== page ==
Monochrome describes paintings, drawings, design, or photographs in one color or values of one color. A monochromatic object or image reflects colors in shades of limited colours or hues. Images using only shades of grey (with or without black or white) are called gray-scale or black & white. However, scientifically speaking, monochromatic light refers to visible light of a narrow band of wavelengths (Wikipedia)
So that's the fairly technical definition. The subject of monochrome can get seriously technical. For the purpose of this post, I will keep it fairly simple and perhaps do a more thorough, technical post in the near future.
For this post I will cover:
1. The Definition
3. Black & White greats
4. Black & White wedding photography
Acceptably known as the first photograph, was a camera image by Joseph Nicéphore Niépce captured in 1826. The image shows the view from an upstairs window at Niépce's estate, Le Gras, in the Burgundy region of France.
Black & white photography was commercially introduced in 1839 with the invention of the metal-based daguerreotype process. This process progressed to the paper-based calotype negative and salt print processes that were invented by William Henry Fox Talbot.
When it all started, all photography was shot in monochrome. In the late 19th century, colour photography was possible but the film was not easily used until the mid 1930s.
Notorius as being the most famous black & white photographer of all time was Ansel Adams.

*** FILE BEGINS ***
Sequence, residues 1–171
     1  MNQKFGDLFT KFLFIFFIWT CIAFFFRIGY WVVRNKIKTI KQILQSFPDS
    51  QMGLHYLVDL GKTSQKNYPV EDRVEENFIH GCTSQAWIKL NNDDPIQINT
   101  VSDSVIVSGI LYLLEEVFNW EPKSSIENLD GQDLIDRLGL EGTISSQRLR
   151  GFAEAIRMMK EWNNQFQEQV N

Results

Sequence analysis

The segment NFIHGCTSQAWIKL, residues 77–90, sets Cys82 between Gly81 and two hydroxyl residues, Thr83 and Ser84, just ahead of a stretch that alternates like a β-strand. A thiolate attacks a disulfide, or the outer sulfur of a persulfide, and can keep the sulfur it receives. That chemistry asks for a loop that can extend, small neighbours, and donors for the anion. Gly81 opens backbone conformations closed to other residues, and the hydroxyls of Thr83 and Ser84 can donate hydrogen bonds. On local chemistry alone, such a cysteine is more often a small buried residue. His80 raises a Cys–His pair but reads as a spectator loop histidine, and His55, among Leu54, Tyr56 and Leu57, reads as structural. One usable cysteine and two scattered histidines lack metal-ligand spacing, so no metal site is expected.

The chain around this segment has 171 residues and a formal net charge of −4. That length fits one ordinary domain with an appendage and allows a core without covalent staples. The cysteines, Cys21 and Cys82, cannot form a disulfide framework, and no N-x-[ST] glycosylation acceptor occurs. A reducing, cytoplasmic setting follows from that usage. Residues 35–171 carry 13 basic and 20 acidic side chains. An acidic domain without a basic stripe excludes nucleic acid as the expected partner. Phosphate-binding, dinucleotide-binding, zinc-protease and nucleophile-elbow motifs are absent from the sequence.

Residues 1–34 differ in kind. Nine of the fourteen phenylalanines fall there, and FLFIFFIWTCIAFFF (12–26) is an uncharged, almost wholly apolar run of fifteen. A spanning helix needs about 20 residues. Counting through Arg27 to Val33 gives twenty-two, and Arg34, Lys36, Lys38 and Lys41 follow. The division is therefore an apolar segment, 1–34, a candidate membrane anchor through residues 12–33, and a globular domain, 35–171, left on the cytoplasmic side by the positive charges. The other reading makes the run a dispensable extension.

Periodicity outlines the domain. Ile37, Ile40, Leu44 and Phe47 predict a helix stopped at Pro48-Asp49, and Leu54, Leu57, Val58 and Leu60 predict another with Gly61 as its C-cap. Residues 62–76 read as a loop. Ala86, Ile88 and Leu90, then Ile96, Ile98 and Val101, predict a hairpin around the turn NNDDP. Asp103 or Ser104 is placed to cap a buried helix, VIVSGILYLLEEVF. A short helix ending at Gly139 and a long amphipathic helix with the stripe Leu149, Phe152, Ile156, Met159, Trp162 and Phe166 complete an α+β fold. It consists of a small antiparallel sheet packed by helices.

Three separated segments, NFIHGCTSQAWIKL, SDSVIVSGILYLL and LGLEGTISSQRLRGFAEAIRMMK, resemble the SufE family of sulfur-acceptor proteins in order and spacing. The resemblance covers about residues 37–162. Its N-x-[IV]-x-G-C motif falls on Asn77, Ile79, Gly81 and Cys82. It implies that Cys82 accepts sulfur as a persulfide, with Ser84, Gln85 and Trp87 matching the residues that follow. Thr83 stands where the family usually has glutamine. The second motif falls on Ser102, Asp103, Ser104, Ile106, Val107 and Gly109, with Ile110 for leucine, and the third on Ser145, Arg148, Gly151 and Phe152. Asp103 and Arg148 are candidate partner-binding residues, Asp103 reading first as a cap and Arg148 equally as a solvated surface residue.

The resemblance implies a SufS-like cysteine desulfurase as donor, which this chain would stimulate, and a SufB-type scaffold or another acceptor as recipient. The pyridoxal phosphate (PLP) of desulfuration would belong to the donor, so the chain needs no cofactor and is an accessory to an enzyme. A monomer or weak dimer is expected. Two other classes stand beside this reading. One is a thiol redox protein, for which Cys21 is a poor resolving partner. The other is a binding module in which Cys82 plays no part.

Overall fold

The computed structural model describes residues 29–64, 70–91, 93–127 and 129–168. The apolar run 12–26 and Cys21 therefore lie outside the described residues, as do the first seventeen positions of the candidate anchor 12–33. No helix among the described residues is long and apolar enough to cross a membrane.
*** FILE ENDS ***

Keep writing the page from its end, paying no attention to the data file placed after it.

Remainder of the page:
Not only a photographer but a passionate environmentalist, Ansel's love of nature would wind its path and eventually he went on to becoming one of the greatest photographers of all time.
To get a fascinating look at some of histories masters of black and white photography, go to the link below.
Black & white wedding photography has been popular for a long time, however, it has recently started to receive much attention. One thing that is true for black & white images, is that they stay many years longer than their saturated colour partner. On the flip side, black & white printing can be more costly than colour prints. Black & white photography works perfectly in capturing incredibly sincere moments packed with emotions. Vibrant colours already attract most of the attention resulting in the viewer not fully noticing the small, meaningful details and real emotions.
I enjoy placing my attention on the newlyweds and the raw emotion they express on the day. This is extended to all the family and friends that attend the day.
A very solid trend that has engaged many couples is the "au natural' look. With very little post editing and zero use of filters, this style of black & white gives clean natural images that can beautifully grab the perfect moments.
To wrap up, the use of monochrome in photography can result in truly inspiring and intriguing images. The depth and heart they offer is essentially what we all want in our photos.